Text And Photos By Anurag Karekar
You don’t need to go diving to marvel at the unbelievable wildlife in the Andaman and Nicobar Islands. I found it all as I simply walked along the beaches – fishes, crabs, molluscs, coral and more.
I am willing to bet that every young reader of this magazine would have these islands on their bucket list. And why not? Not only is this stunning archipelago teeming with incredible, rare, and unique wildlife, but it also has a rich culture and history. In 2019, I was lucky to spend over seven months on Havelock island (aka Swaraj Dweep) as a Nature Interpreter at the Taj Resort and Lacadives Dive Centre. My experience totally changed my perspective of the Andamans. I often revisited the same location several times and yet enjoyed new experiences and wild encounters.
When you picture yourself exploring the Andamans, how do you imagine it happening? You’re probably scuba diving, right? Diving in the Andamans can be absolutely breathtaking, but it comes with limitations – you need a lot of money, training, diving experience, and if you want to photograph what you see, you need the appropriate camera gear. So I chose to explore the Andamans in a different way. Inspired by marine walks that are routinely held in coastal cities like Mumbai, I began to walk along the beaches.
A lionfish juvenile.
It’s best to visit low tide regions, on foot. A marine walk at Govind Nagar beach began through mangroves, where purple-coloured Sally lightfoot crabs skittered across their roots! Mudskippers sat calmly on top of the roots and rocks and then suddenly skipped across the water, when threatened. Under the shadows of the roots, fiddler crabs sported their bright red arms. Walking ahead, I found tiny burrows in the sand, where I witnessed the ‘symbiotic’ relationship between Goby fish and snapping shrimp: the fish stand on guard while shrimp excavate sand out from the burrow. Box crabs darted at the slightest hint of movement and disappeared into the sand. And when I turned a few shells over, I would find a white-spotted red hermit crab!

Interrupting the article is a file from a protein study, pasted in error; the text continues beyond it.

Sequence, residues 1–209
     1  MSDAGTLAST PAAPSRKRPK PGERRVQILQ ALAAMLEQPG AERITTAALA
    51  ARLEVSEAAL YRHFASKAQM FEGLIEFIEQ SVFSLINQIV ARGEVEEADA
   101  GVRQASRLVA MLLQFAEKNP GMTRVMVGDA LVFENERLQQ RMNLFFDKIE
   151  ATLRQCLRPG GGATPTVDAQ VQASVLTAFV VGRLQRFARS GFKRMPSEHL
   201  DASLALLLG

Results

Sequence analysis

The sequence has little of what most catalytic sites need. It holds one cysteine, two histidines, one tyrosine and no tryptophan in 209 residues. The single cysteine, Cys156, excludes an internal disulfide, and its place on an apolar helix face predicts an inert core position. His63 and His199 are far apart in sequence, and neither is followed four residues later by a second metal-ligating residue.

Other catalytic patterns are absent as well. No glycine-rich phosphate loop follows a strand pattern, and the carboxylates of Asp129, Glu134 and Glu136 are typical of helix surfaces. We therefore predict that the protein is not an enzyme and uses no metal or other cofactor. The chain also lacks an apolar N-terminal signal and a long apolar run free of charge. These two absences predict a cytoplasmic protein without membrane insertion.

Further ahead, the shelf of the coral reef began. There were burrowing clams that snuggly fit inside rocks, each a different dazzling mix of colours. Sea slugs of a variety of species swam about lazily. I had to watch out as I could accidentally step on a spider conch, as its shell is usually covered with algae. I spent much of my time watching sea cucumbers. The spotted wire sea cucumber was over two metres long, winding through the rocks and feeding with its feather-like tentacles. The diversity of corals, sponges and algae amazed me. I spotted the shy, beautiful feather duster and Christmas tree worms between the corals.
Zoanthids under UV light.
In deeper intertidal pools, you can find an incredible diversity of juvenile fish, clownfish, damsels, pipefish, box fish and puffers, among countless other species. Did you know? Most juveniles are more colourful than the adults of their species! Exploring these pools at night offers a whole different world of discoveries. Scorpionfish lie stealthily, awaiting prey. Banded coral shrimp move gracefully over the corals. Octopuses lurk between the rocks. Cryptic decorator crabs cover themselves with dry leaf debris and head out to find food. You can also carefully experiment with low-intensity UV light. Many species of corals and zoanthids show fluorescence when exposed to light, caused by pigments that protect them from harsh UV radiation, much like how we humans use sunscreen to protect ourselves. Never forget to wear UV protective goggles and do not shine the light on the corals for too long. Look for shallow reef coral species to see the fluorescence.
The islands are not as pristine as they once were. It’s hard to miss the evidence of how we mistreat our planet. Plastic from as far as Thailand and Myanmar can be found on the shore. Many corals are pale white due to bleaching. Up shore, there are dead corals broken off by fishing nets, boats, and inexperienced divers. It makes you realise that these beautiful landscapes are vulnerable and need protection.
Every year, millions of people visit the Andaman islands but aren’t aware of the threats the islands face. It is important to engage them through marine walks, to enlighten them about biodiversity and the impact of anthropogenic activity on wildlife. Marine walks should ideally be a mandatory activity for every guest that visits the islands!
White-spotted hermit crab.
Anurag Karekar is the Co-founder of NaturalisT Foundation that teaches city-dwelling adults and children about the wonders of the urban natural habitats they live next to. He won the Sanctuary Young Naturalist Award 2020.